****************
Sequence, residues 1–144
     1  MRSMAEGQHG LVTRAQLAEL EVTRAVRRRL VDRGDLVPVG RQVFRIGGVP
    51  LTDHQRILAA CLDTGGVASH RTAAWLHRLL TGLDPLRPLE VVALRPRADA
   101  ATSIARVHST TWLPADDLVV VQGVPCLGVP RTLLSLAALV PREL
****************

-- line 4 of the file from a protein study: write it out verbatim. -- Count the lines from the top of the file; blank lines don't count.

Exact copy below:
   101  ATSIARVHST TWLPADDLVV VQGVPCLGVP RTLLSLAALV PREL